The Canglang Pavilion , variously translated as the Great Wave Pavilion, Surging Wave Pavilion, or Blue Wave Pavilion, is one of the Classical Gardens of Suzhou that are jointly recognized as a UNESCO World Heritage Site. It is located at 3 Canglangting Street in Suzhou, Jiangsu province, China.
It is also one of the four most famous gardens in the city - the others being the Shizilin (Lion Grove), Zhuozhengyuan (Humble Administrator's Garden) and Liuyuan (Lingering Garden). The garden was originally the private property of a prince of the Five Dynasties (907-960). During the Northern Song Dynasty (960-1127), Su Zimei, a scholar, built his mansion here and named it Canglang Pavilion. The garden has been rebuilt many times but most of the present garden buildings, simple and plain, are from the Qing Dynasty (1644-1911).
Covering an area of 10,656 square meters (1.1 hectares), the garden features well-arranged man-made hills and waters. On the stream winding through the garden, elegant stone bridges are built. On the hills, there are age-old trees and bamboo groves.
Canglanging, a square pavilion, stands at the top of a hill. Couplets carved on its stone pillars read: "The refreshing breeze and the bright moon are priceless; The nearby water and the distant mountains strike a sentimental note." A corridor built by the canal lies in the north of the garden, linking the scenes inside the garden with that outside it.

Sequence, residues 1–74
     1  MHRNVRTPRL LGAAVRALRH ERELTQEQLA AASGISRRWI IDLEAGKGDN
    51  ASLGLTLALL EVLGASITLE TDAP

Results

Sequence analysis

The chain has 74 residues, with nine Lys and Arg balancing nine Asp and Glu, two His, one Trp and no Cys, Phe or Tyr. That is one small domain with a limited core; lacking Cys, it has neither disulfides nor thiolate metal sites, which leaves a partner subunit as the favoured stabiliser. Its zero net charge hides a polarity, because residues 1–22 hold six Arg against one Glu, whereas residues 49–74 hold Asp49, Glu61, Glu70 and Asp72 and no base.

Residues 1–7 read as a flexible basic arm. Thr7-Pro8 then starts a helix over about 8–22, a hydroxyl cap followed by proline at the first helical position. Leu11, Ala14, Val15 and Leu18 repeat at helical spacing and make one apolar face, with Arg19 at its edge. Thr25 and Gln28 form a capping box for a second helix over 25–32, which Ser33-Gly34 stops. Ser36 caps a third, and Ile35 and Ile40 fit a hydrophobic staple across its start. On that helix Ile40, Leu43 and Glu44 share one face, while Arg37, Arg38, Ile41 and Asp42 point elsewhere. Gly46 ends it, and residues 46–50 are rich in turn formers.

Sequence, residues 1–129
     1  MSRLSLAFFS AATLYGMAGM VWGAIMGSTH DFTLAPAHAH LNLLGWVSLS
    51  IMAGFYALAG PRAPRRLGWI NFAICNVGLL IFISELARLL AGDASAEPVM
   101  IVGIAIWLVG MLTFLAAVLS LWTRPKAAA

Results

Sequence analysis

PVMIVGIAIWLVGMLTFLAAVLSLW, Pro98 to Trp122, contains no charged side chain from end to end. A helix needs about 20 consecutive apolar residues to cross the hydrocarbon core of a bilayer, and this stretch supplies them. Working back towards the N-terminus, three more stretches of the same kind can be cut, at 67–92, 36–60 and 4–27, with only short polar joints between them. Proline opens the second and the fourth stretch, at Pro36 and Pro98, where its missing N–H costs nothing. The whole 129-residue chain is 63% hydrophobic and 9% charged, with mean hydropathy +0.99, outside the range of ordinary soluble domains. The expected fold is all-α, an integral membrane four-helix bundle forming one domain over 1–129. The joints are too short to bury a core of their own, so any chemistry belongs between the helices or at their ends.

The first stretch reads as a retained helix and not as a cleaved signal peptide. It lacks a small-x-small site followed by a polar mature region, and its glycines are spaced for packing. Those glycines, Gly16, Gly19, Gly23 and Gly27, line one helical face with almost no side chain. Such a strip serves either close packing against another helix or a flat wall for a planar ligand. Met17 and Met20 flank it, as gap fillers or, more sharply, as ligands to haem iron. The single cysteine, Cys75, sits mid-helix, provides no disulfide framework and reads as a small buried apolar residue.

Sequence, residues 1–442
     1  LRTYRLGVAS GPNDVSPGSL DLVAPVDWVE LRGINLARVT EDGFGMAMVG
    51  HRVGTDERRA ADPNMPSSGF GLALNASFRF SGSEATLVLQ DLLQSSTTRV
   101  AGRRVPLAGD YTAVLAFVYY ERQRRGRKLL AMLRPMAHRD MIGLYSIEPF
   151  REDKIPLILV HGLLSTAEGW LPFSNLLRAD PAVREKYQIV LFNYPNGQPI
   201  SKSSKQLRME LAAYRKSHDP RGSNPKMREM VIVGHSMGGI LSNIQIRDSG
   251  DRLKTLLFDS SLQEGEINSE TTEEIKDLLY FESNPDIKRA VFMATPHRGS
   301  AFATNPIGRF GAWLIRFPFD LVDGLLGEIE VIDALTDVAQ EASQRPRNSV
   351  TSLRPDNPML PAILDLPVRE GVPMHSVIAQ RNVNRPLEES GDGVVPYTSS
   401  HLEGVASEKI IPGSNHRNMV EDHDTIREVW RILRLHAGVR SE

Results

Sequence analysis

Mingdao (Enlightened Way) Hall, located at the foot of the hills, is the major building of the garden. It was a hall for lectures during the Ming Dynasty (1368-1644). Surrounded by verdant trees, it looks significant, though the structure is of simple architectural style.
The Canglang Pavilion was built in 1044 CE by the Song dynasty poet Su Shunqin (1008-1048), on the site of a pre-existing imperial flower garden c 960 CE. It is the oldest of the UNESCO gardens in Suzhou, keeping its original Song dynasty layout.
The name is derived from a verse in the poem Fishermen by Qu Yuan (ca. 340 BCE-278 BCE), a poet from the southern state of Chu during the Warring States period, in his book Songs of the South, "If the Canglang River is dirty I wash my muddy feet; If the Canglang River is clean I wash my ribbon".
The 1.6 ha garden is divided into two main sections. The garden is sited on a branch of the Fengxi Stream which forms a lotus pond. The garden has 108 windows each one with a unique design.